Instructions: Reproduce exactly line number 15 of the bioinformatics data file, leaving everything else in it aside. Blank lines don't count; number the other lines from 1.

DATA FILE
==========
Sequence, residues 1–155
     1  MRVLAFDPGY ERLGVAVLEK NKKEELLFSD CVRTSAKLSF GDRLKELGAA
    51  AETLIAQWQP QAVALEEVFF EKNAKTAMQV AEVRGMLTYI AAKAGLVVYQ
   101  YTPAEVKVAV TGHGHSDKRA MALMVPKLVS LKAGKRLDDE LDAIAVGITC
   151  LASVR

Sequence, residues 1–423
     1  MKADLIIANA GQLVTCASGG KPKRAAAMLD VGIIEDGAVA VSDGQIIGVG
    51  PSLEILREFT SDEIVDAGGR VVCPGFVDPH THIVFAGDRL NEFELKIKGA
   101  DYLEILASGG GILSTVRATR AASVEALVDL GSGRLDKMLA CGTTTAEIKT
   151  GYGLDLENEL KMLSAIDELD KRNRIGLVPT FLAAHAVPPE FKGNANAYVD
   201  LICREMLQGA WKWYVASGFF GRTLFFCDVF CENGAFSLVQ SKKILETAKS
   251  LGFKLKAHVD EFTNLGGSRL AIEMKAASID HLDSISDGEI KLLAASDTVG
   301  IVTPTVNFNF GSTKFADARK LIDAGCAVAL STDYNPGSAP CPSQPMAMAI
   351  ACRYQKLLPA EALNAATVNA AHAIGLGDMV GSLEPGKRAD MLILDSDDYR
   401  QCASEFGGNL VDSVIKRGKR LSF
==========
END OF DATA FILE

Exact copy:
   401  QCASEFGGNL VDSVIKRGKR LSF